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All muck in

The country's only garbology officer shows children that rubbish heaps can be a source of riches. Fred Sedgwick joined them.

Ben, who is seven, has found a shell, and he is washing it with a brush.

Duncan Allan, the garbology officer for Suffolk County Council's archaeological and waste management services, asks him, "What kind of shell is that?" "An oyster?" suggests Ben. "Yes. How do you think it got here? Did it walk?" Ben thinks it may have been in a river and people collected it. "Why do you think that?" asks Duncan. "They were looking for pearls,"

says Ben, confidently.

Garbology is derived from the work of William Rathje, who examined modern landfill sites in the US to study social trends. He was especially interested in the dietary habits of the poor, and he learned about them from the garbage they had left. Duncan Allan and his colleagues have extended his work into primary education. What could children learn from archaeology?

Ben is one of 30 children from nearby Middleton School involved in a project supported by the Heritage Lottery Fund. "Garbology" may be an ugly word, but it represents a step forward in the teaching of history. It's about learning from primary sources, using rubbish from the recent past to help to explore their heritage. It raises questions about conservation, recycling, and the disposal of rubbish. It offers children a chance to interpret evidence.

And, as it is essentially collaborative, it contributes to children's social and moral education. In two ways, it is about citizenship: working together, and discovering our past.

Duncan says: "We find a site where we know there's been a rubbish tip. We dig a test pit first, to check for health and safety, and to check that there's stuff there. Children love finding things. We use recent sites, from the past 50 or so years, first because with older ones there's a chance that children may destroy evidence. Those places need experts. But also finds are limited. Here you find something in every bucketload, things they can relate to, toys, bits of cars, crockery, bottles.

"This site is mainly 1960s, and it's exciting for the children to bring something out of the earth, to clean it. I tell them, it's been asleep for 40 years, now you've woken it up."

The local authority is backing the project because it involves two first schools and a middle school and therefore helps with transfer. The children will get together to share their findings. It's also backed by waste management services.

The teacher, Annie Clark, says: "They're getting their hands on live history." Parents like it, too. Caroline Baggott, who is here with the children, says "It's brilliant. They're actively seeing history. You can hear the excitement."

And you can. After 10 minutes Ben is still cleaning his oyster shell and telling his friends his pearl hypothesis. Another group squats on tarpaulins, sieving the earth or digging about in it with trowels. Duncan has told them everything they find will be a "nasty" or a "goody". Nasties are dangerous things: broken glass, bottles that might contain dangerous fluids and the like. The children are taught to place these in a separate container. Sorrel, seven, and Emily, six, have found a goody. It is the side of a pot, and Sorrel says: "It's got E N G on it! I bet that was England!"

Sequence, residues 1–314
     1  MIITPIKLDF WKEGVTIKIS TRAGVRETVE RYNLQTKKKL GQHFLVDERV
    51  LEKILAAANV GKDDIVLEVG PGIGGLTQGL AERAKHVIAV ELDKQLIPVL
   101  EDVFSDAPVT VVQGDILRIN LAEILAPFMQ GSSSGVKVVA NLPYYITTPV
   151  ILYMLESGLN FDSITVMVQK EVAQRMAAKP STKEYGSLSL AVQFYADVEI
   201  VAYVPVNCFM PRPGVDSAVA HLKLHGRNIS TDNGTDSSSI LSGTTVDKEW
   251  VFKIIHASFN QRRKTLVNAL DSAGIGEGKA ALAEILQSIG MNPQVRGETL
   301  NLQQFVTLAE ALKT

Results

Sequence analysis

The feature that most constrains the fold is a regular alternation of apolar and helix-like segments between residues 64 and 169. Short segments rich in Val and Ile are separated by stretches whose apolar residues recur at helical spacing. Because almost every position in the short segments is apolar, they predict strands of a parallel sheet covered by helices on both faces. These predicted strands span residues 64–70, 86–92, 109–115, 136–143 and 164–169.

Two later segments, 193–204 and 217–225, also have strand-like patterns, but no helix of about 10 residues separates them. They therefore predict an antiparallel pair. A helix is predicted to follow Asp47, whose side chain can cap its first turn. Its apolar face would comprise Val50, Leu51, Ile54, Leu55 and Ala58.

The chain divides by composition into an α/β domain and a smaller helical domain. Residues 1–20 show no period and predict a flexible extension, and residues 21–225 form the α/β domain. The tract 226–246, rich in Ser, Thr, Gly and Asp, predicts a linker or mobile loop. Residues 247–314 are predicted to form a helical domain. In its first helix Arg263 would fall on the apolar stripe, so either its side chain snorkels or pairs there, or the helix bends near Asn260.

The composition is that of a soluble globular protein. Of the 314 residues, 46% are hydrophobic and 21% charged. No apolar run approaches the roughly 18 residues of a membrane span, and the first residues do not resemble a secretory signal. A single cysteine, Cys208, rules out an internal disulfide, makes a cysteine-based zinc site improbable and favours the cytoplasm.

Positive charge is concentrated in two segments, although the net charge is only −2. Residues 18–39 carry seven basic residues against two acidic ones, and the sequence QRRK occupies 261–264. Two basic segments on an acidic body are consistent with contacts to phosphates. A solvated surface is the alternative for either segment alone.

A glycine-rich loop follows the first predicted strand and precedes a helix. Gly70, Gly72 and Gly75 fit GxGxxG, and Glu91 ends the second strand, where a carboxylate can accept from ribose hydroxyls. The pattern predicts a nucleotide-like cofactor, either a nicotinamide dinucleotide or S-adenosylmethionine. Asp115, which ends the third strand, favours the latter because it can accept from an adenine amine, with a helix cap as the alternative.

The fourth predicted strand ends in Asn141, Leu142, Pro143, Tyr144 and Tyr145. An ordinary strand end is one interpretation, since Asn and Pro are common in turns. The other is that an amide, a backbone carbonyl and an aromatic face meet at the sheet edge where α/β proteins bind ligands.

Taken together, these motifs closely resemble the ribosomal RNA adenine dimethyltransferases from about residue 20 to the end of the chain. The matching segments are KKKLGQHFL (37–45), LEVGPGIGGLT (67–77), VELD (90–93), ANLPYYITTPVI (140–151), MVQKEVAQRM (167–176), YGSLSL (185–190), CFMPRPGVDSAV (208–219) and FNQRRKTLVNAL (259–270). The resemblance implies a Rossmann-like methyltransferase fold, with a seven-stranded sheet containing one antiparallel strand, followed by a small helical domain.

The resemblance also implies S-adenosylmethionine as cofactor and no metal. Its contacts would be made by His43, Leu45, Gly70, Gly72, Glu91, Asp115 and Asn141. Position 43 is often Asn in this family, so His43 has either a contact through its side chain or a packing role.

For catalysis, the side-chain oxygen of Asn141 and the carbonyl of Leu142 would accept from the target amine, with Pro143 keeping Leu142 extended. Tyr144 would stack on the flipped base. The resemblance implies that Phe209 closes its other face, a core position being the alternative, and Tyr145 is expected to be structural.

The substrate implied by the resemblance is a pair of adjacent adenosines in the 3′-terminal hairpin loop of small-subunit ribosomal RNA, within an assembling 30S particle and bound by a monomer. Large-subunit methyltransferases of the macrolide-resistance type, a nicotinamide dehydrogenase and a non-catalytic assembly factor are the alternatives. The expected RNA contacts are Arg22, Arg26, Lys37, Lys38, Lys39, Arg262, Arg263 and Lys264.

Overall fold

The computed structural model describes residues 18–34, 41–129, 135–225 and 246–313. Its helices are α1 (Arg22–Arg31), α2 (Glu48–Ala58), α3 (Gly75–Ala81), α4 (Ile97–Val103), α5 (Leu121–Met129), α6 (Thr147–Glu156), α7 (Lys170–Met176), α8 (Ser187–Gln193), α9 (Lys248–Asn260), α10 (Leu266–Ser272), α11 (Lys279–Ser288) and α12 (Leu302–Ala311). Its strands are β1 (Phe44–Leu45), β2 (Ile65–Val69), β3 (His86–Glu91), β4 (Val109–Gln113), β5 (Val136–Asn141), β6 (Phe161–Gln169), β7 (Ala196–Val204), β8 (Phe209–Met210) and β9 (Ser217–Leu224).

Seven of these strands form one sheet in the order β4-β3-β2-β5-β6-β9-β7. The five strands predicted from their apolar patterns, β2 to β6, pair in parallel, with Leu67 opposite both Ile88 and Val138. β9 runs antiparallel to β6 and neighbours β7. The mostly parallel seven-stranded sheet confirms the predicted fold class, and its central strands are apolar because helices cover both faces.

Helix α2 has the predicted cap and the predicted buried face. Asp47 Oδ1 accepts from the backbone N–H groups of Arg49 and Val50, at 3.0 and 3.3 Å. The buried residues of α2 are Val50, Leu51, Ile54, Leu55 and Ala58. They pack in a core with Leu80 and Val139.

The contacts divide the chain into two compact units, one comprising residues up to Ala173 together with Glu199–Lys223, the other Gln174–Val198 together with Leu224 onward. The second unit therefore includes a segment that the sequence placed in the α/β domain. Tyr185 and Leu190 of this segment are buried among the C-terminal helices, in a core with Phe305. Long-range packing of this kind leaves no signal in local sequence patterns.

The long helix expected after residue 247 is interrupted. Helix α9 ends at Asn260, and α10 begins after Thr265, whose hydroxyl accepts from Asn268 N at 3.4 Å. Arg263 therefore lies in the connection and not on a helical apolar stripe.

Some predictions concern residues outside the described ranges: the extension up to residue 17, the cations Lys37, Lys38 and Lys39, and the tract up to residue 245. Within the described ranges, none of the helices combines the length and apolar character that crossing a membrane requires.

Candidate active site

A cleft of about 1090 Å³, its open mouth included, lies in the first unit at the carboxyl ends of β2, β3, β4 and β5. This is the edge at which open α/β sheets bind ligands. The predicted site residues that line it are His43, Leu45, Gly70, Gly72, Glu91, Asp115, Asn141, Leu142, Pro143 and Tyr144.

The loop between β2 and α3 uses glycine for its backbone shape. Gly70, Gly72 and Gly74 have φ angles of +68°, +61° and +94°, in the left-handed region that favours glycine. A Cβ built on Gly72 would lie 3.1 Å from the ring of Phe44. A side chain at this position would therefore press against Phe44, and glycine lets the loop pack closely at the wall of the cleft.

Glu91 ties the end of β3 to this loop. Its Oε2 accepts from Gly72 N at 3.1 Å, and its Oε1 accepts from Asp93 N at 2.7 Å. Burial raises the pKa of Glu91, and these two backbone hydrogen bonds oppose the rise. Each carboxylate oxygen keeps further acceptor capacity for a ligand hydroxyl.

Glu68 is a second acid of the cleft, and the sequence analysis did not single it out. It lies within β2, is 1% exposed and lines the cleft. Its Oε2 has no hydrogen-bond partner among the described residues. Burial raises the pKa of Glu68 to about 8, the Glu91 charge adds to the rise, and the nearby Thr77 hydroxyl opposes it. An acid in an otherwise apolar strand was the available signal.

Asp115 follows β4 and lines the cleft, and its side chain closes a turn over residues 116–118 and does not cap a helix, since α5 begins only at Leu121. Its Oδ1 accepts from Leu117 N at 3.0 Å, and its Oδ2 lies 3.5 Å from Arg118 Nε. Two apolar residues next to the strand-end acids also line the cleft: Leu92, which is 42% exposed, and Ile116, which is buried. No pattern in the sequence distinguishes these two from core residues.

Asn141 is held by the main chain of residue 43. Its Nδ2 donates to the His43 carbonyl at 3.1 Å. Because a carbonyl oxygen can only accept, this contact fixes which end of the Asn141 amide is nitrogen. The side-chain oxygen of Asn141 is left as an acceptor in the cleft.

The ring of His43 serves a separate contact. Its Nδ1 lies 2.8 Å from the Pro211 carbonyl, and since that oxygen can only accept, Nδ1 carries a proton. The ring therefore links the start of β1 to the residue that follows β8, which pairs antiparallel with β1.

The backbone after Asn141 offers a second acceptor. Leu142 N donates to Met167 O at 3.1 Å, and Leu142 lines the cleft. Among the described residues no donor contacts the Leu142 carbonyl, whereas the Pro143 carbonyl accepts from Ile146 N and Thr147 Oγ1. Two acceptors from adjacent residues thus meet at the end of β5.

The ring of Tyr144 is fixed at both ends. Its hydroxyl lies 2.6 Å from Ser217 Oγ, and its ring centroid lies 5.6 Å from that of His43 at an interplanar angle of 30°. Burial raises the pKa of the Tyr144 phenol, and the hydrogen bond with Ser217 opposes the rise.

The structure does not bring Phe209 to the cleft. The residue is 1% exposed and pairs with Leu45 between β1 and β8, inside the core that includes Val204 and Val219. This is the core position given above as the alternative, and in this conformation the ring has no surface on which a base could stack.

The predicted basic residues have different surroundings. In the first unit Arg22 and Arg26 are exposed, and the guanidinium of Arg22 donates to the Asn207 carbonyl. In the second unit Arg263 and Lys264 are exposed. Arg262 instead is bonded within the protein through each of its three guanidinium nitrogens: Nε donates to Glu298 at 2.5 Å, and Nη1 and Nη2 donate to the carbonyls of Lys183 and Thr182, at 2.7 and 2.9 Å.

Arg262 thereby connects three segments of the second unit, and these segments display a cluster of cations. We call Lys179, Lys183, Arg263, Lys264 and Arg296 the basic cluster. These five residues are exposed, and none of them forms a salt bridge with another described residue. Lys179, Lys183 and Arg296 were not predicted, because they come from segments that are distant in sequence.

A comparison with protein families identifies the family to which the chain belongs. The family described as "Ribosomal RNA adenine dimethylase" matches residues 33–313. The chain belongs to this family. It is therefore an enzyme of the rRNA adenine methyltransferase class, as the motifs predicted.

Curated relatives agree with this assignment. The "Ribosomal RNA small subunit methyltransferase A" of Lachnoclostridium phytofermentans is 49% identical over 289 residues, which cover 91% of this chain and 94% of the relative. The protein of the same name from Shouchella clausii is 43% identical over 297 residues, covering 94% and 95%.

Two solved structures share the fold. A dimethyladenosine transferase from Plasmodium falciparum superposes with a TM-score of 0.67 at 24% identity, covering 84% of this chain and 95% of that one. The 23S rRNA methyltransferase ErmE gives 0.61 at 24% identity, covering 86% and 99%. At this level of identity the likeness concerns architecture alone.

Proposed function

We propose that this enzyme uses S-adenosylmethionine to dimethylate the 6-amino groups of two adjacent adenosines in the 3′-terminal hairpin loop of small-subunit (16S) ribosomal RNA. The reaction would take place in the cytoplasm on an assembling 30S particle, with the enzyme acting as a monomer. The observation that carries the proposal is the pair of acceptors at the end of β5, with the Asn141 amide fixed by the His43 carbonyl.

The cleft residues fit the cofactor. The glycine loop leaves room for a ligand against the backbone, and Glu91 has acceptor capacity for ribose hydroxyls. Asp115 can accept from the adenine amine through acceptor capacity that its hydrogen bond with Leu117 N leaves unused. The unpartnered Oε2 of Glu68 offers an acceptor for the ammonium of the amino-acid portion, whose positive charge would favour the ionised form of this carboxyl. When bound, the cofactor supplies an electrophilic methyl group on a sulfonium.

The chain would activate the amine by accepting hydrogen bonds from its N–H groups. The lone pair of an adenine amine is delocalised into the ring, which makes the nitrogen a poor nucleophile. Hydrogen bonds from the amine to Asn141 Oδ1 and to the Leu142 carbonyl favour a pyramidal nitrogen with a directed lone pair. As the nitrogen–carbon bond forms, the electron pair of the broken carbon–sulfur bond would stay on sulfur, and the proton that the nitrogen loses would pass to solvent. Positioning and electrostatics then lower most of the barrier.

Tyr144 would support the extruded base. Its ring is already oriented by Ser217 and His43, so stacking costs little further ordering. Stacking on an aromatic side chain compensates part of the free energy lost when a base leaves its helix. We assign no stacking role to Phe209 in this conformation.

There's an artist on the site, Clare Hamilton. "I saw a rainbow on the way here, and I'm making the pot at the end of it. I'm going to get the children to make the treasure to put in the pot."

Children crowd into her marquee, which already contains objects made by children from a previous school: junk musical instruments made of old bottles hung on a frame, and shoes made of clay and painted with natural pigments. They'd used shoes as a theme because they had dug up examples by the hundred. The previous day, Duncan said, there'd been a jam session, with Clare on recorder, a visitor on guitar, and the children on junk percussion.

Duncan talks to the children, with seven-year-old Laura as enthusiastic feed. "What's in this pit?" "Mud" says Laura. "We'll call it soil," replies Duncan. He tells the children: "People threw stuff in little pits, like this one. They didn't have big landfill sites like we do today. We'll find clues, evidence in here. We're going to dig it out."

As always these days, safety rules have to be made clear. There are gardening gloves for handling evidence, rubber ones for washing it. "There have been hundreds of children here recently," Duncan tells the children.

"How many of them do you think have cut themselves on broken glass?"

"A hundred?" says one boy.


"None?" says someone else.

"That's right - and we are going to keep it that way."

The first finds are a fragment with "Indian tree" on it, and a bottle that once contained Bouquet Dusting Powder. There is nothing as distant as the recent past, and brand names always make this clear. I secretly hope someone will dig up a Harpic tin, or a bottle with Double Diamond on it.

As I leave, Duncan grins and says, "I am unique. I am the only garbology officer in the UK, and I hope it's going to spread."

Meanwhile, Ben is still thinking about oysters and pearls, and other children are handling evidence that will tell them something about the lives their grandparents, or even great-grandparents lived.


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